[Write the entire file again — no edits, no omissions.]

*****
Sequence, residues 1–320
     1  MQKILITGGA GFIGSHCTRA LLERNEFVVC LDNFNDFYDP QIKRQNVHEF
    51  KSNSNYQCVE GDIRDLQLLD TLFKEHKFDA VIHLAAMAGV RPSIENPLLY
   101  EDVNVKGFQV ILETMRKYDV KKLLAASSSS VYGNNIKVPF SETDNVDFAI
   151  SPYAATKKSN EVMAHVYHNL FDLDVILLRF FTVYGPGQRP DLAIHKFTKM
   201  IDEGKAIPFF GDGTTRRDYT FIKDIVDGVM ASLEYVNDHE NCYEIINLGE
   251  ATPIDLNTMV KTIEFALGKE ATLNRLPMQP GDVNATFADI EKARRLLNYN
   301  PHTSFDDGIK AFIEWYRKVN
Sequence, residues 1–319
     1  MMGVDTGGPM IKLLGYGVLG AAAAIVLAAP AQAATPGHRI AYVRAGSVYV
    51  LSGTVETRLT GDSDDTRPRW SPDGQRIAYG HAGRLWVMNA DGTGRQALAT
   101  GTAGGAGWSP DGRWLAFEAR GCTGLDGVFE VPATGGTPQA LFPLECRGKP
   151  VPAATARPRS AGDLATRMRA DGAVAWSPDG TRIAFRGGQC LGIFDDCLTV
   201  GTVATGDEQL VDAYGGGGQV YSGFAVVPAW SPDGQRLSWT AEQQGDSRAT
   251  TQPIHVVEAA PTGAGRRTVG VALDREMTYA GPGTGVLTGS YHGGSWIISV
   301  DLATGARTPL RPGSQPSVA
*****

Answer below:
Sequence, residues 1–320
     1  MQKILITGGA GFIGSHCTRA LLERNEFVVC LDNFNDFYDP QIKRQNVHEF
    51  KSNSNYQCVE GDIRDLQLLD TLFKEHKFDA VIHLAAMAGV RPSIENPLLY
   101  EDVNVKGFQV ILETMRKYDV KKLLAASSSS VYGNNIKVPF SETDNVDFAI
   151  SPYAATKKSN EVMAHVYHNL FDLDVILLRF FTVYGPGQRP DLAIHKFTKM
   201  IDEGKAIPFF GDGTTRRDYT FIKDIVDGVM ASLEYVNDHE NCYEIINLGE
   251  ATPIDLNTMV KTIEFALGKE ATLNRLPMQP GDVNATFADI EKARRLLNYN
   301  PHTSFDDGIK AFIEWYRKVN
Sequence, residues 1–319
     1  MMGVDTGGPM IKLLGYGVLG AAAAIVLAAP AQAATPGHRI AYVRAGSVYV
    51  LSGTVETRLT GDSDDTRPRW SPDGQRIAYG HAGRLWVMNA DGTGRQALAT
   101  GTAGGAGWSP DGRWLAFEAR GCTGLDGVFE VPATGGTPQA LFPLECRGKP
   151  VPAATARPRS AGDLATRMRA DGAVAWSPDG TRIAFRGGQC LGIFDDCLTV
   201  GTVATGDEQL VDAYGGGGQV YSGFAVVPAW SPDGQRLSWT AEQQGDSRAT
   251  TQPIHVVEAA PTGAGRRTVG VALDREMTYA GPGTGVLTGS YHGGSWIISV
   301  DLATGARTPL RPGSQPSVA